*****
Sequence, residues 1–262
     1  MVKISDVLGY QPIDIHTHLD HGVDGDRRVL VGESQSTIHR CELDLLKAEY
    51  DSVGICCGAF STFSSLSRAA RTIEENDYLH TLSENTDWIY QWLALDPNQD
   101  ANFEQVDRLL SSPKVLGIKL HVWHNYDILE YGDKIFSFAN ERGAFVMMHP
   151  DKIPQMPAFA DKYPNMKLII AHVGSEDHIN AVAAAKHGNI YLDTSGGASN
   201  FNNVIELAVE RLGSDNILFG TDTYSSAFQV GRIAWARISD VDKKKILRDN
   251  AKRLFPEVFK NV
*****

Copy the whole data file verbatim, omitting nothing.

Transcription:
Sequence, residues 1–262
     1  MVKISDVLGY QPIDIHTHLD HGVDGDRRVL VGESQSTIHR CELDLLKAEY
    51  DSVGICCGAF STFSSLSRAA RTIEENDYLH TLSENTDWIY QWLALDPNQD
   101  ANFEQVDRLL SSPKVLGIKL HVWHNYDILE YGDKIFSFAN ERGAFVMMHP
   151  DKIPQMPAFA DKYPNMKLII AHVGSEDHIN AVAAAKHGNI YLDTSGGASN
   201  FNNVIELAVE RLGSDNILFG TDTYSSAFQV GRIAWARISD VDKKKILRDN
   251  AKRLFPEVFK NV